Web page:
There is a more serious issue with the title documents. The description recorded with the Wells Fargo modification agreement of May 2010 which is the document triggering this foreclosure action is not of the Benziger Avenue property. It covers a parcel of land on Woodland Avenue near Giffords Lane on Staten Island, an area miles away in the Great Kills section of Staten Island. Although the Wells Fargo mortgage is filed against the proper block and lot, it contains an incorrect description. The problem that this creates is that a metes and bounds description is paramount to all other subordinate means of describing real property.

It would appear that the property encumbered by the Wells Fargo modification is not the parcel which is supposed to be subject to the mortgage lien. This may be a fatal defect preventing the foreclosure process from going forward. It also may create some liability on Wells Fargo in regard to wrongfully encumbering the lot on Woodland Avenue.

Based on the foregoing the plaintiff will need to produce an expert from a title insurance company acceptable to the court to appear at a hearing and confirm that Sanchez is the proper owner of the property and that plaintiff has the only mortgage lien on the premises and that it is valid irrespective of the patently incorrect metes and bounds description, which is the description contained in the last relevant instrument of record; the Wells Fargo modification agreement.

It is unclear whether Sanchez, or for that matter Wells Fargo, was represented by counsel during the negotiation of the modification agreement. Perhaps had counsel been present when the document was executed, a cursory glance at the instrument would have readily disclosed that the legal description referred to a parcel that bore no relationship to the real property in question. In fact, as noted above, such improperly described real property resulting from flippant and errant drafting may contain a “cloud on title” for that property giving rise to an action in tort by the owners of that property against the lender herein, and for that matter, possibly against Sanchez.

B. Analysis of the Mortgage Closing

Based on the documents produced by the plaintiff, there are several issues raised which call into question the legitimacy of the loan transaction.

First, the copy of the HUD-1which is required by federal law, is incomplete. There are no charges reflected on the sellers’ side of the transaction.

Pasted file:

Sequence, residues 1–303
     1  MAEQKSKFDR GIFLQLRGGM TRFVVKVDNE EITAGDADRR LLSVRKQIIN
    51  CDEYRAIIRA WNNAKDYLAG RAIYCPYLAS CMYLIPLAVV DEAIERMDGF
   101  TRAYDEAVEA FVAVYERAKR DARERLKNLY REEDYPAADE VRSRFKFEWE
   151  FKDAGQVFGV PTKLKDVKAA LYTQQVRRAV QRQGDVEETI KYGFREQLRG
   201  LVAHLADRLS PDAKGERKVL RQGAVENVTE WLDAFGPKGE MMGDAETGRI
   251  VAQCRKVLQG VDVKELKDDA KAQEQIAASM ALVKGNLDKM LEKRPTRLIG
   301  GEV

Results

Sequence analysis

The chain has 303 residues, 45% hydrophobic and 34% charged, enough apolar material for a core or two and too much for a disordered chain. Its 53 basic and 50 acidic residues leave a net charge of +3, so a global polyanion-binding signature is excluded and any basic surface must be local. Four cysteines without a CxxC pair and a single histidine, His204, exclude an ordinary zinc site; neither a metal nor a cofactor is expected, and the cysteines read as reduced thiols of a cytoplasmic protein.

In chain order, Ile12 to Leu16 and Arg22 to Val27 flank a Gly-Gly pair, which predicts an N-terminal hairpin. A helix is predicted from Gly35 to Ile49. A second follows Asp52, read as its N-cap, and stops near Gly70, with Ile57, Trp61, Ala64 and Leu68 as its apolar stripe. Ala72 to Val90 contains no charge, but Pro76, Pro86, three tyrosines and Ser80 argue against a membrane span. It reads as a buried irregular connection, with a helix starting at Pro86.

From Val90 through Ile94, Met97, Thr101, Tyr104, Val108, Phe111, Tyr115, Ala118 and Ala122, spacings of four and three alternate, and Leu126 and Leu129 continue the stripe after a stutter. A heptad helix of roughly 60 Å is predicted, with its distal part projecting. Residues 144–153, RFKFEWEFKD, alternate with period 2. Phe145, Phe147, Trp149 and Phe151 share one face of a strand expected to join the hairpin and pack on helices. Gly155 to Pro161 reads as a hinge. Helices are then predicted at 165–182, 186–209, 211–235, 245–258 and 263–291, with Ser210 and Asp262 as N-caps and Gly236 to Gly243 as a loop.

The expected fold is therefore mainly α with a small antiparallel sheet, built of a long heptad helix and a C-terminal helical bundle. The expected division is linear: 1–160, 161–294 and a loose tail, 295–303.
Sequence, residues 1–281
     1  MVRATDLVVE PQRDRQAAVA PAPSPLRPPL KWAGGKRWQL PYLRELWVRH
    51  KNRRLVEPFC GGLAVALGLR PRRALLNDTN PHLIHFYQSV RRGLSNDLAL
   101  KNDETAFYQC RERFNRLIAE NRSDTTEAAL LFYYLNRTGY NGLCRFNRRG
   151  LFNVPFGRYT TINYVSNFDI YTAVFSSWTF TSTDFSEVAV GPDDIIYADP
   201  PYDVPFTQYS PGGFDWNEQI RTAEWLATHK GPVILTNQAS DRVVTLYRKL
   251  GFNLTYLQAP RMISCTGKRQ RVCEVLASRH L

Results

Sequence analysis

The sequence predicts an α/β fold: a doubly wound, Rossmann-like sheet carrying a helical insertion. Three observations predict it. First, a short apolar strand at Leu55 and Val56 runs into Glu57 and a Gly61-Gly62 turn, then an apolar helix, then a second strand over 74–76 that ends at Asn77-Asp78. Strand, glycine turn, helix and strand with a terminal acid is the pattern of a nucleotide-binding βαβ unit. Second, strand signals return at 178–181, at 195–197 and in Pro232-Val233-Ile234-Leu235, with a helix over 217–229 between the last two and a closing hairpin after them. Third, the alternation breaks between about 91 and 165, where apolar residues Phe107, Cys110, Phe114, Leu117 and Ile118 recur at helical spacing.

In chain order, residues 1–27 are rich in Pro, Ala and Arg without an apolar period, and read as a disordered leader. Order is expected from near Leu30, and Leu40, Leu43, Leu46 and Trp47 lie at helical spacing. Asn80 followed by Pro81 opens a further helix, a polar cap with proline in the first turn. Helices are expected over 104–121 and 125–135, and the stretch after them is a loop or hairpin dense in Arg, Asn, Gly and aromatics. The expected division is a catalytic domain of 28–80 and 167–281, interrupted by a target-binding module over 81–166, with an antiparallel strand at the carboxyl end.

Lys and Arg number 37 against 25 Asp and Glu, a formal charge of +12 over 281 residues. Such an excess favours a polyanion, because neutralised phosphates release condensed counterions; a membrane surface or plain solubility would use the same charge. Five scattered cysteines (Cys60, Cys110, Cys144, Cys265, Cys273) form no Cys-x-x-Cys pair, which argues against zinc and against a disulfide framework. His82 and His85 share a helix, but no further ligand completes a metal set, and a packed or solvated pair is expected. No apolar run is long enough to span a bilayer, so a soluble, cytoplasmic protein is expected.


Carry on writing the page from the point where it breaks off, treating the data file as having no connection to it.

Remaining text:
On the buyers’ side an entry labeled “proceeds from 2nd mortgage” is blank. As there is no second mortgage of record, is this a mistake or did the sellers or some other third party make a loan which was not recorded with the County Clerk.

Also on the buyers’ side an entry labeled “seller concession” is likewise blank. Was there or was there not a sellers’ concession? Based on what is disclosed on the HUD-1, Sanchez made a downpayment of $3,500.00 and produced an additional $96,766.63 at closing. Where did that money come from? Did she write a check, incur a second mortgage, or bring the proverbial suitcase of cash?

The $96,766.63 due from Sanchez excludes all of her title charges none of which are shown on the document. Title charges would include a mortgage tax of $5,575.00, plus title insurance premiums, endorsements, search fees and recording charges. Why these expenses are not listed is not disclosed.

This is an issue because the defendant has raised a defense an allegation that the plaintiff violated the Home Ownership and Equity Protection Act of 1994 (HOEPA). The defendant does not cite any particular section of this law. The plaintiff however in its brief analyzed the statute. Presumably defendant is referring to the Truth-in-Lending Act [15 USCA §1601 et seq]. Plaintiff asserts that the act has two possible thresholds to be met to be applicable; the “annual percentage rate (APR) threshold” when the APR exceeds 10 percent or the “points and fees threshold” where the closing costs will exceed the greater of 8% of the total loan amount or $400.00. If the face amount of the mortgage of $320,000.00 is used, 8% would be $25,600.00. Because all of the closing costs are not disclosed, it is impossible to determine if the threshold has been met. Defendant needs to provide a more specific reference to the statute counsel contends has been violated and both parties are to provide some documentation as to the missing figures so that the court can determine if the statute is applicable.